In my Pranayama (breath and energy control) practice this morning, I noticed my autonomic nervous system. I bumped up against it several times as I tried to inhale or exhale while it didn't think I needed to.
The friction happens most notably at the end of the exhale. The lungs are empty and the most "natural" thing to do is inhale to fill the lungs. The autonomic nervous system tells us "breathe in." So we usually do. During Pranayama practice, as I hold my lungs empty or inhale very slowly, the friction with my autonomic nervous system is palpable. It wants me to inhale quickly, but I consciously inhale slowly or not at all.
The second place where friction happens is when my blood has enough oxygen. In this state, my autonomic nervous system says, "No need to breathe so much. Either exhale or be still." During Pranayama practice I am sometimes in this physiological state only midway through the inhale and I try to complete the inhale. It is very difficult, like my muscles and brain shut down, preventing me from inhaling further. I have yet to navigate this obstacle, but I predict that at some point my autonomic nervous system will settle and I will be able to inhale at will.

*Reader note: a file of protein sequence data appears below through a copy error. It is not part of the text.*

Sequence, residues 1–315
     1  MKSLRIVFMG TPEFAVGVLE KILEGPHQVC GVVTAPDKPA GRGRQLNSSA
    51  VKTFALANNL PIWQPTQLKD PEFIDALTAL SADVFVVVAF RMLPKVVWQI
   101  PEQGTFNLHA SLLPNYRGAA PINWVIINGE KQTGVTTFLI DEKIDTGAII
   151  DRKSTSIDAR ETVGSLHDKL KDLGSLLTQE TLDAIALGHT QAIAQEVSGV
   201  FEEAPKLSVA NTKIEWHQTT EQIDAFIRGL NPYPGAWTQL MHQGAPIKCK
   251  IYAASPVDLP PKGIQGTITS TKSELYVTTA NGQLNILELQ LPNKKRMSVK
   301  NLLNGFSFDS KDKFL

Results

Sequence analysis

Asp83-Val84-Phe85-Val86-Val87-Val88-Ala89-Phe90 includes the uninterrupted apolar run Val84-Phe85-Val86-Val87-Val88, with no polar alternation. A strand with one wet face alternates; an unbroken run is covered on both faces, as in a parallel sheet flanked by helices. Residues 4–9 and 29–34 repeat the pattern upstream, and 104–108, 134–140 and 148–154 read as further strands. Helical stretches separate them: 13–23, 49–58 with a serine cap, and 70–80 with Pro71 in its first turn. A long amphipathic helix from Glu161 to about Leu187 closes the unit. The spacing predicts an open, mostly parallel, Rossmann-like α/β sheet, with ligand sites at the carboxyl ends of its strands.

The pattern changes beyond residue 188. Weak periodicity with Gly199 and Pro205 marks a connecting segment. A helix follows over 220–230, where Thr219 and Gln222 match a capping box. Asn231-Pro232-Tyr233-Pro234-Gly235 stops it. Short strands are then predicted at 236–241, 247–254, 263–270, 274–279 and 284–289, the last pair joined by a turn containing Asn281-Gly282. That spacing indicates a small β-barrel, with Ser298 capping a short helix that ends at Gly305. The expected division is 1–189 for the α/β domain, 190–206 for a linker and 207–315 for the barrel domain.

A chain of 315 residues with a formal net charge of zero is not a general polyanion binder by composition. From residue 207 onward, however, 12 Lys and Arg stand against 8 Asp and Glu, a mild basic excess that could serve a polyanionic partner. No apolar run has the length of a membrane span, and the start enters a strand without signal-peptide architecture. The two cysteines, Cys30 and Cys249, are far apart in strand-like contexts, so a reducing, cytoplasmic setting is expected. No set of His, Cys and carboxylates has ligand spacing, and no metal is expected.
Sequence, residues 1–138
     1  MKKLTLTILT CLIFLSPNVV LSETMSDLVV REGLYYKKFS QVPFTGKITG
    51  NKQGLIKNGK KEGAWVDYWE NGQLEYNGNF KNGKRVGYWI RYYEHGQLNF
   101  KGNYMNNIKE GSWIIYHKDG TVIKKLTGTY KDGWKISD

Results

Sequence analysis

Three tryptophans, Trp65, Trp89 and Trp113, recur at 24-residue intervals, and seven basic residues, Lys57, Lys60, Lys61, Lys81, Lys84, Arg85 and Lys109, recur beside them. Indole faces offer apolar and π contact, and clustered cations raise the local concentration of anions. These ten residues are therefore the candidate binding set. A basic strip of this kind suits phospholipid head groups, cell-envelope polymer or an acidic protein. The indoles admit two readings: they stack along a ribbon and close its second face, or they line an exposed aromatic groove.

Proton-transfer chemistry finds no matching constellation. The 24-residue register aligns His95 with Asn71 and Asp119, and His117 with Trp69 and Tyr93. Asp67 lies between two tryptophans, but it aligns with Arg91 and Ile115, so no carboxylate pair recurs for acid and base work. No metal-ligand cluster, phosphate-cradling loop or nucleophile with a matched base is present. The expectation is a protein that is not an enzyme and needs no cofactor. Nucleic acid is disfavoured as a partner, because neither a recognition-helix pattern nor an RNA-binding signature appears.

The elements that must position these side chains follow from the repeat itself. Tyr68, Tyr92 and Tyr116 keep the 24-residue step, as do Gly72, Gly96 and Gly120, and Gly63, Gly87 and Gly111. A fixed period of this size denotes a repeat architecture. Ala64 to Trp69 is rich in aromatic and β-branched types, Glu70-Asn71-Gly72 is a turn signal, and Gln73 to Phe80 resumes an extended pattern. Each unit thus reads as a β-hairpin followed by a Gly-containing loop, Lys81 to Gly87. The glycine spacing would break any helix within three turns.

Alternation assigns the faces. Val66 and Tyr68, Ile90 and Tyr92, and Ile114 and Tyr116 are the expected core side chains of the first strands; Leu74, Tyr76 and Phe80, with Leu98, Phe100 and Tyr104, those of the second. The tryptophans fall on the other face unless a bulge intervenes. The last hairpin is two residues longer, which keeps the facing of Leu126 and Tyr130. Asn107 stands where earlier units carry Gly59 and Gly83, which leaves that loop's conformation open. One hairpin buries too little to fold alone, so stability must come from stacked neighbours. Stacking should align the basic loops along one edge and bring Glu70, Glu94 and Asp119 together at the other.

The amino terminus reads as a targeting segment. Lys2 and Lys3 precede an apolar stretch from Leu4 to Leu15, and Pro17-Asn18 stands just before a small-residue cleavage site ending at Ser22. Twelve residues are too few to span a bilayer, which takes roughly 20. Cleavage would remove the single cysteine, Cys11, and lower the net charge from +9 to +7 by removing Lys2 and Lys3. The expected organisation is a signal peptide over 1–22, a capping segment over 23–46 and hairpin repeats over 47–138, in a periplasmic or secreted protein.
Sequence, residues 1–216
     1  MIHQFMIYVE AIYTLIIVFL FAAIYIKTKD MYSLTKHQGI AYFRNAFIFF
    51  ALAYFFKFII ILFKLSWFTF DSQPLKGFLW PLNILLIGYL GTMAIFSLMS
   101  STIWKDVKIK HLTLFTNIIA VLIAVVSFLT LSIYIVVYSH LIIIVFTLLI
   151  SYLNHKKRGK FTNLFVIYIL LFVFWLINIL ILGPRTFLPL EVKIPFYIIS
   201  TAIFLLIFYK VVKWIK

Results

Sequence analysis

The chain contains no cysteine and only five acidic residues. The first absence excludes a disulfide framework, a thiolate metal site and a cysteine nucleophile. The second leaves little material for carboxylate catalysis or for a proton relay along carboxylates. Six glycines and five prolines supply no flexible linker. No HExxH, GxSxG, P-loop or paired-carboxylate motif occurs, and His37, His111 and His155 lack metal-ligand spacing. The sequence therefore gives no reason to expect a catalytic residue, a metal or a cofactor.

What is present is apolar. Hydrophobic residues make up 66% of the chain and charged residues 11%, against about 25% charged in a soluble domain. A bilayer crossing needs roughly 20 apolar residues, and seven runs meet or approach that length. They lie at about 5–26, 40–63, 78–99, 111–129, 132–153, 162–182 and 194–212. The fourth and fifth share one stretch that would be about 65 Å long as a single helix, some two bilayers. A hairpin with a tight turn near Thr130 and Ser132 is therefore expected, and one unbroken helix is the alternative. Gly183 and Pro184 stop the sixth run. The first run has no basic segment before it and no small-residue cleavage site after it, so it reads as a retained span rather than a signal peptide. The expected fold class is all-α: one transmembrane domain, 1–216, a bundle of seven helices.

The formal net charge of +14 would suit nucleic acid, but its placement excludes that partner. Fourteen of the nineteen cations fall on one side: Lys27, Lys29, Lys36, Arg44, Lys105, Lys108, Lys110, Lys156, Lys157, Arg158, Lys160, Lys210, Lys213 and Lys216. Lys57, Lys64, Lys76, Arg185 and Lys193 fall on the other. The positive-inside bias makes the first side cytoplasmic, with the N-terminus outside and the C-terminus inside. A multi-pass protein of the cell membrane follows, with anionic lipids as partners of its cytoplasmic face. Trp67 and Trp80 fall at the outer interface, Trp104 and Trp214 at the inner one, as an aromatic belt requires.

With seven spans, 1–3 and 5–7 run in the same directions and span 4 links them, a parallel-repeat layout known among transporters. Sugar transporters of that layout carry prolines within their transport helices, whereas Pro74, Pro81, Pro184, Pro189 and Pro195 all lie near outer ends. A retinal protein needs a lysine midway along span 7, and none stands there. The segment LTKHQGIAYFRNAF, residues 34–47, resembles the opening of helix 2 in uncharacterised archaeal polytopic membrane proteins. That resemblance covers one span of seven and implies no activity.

When I arrive to this level of control, I will need to be incredibly careful about the state of my physiology, my heart rate and blood oxygen content because I will be consciously overriding an autonomic function designed to keep my body and brain supplied with the correct amount of oxygen.
The amazing thing about controlling the breath over several minutes is the realization that breathing is usually so subconscious. Even if we control the breath for a moment, we soon release it and let the autonomic nervous system monitor and govern it. We never get too far from the self-regulated balance of oxygen in the blood.
I think I may be approaching the true power of Pranayama practice: the awareness and even control of the autonomic nervous system. It is both exciting and frightening. I have to be very careful.
This journal honors my ongoing experience with the practice, study and teaching of yoga.
1) Sridaiva Yoga: Good Intention But Imbalanced
2) Understanding Chair Posture
2) Why I Don't Use Sanskrit or Say Namaste
3) The Meaningless Drudgery of Physical Yoga
5) Beyond Bikram: Why This Is a Great Time For Ghosh Yoga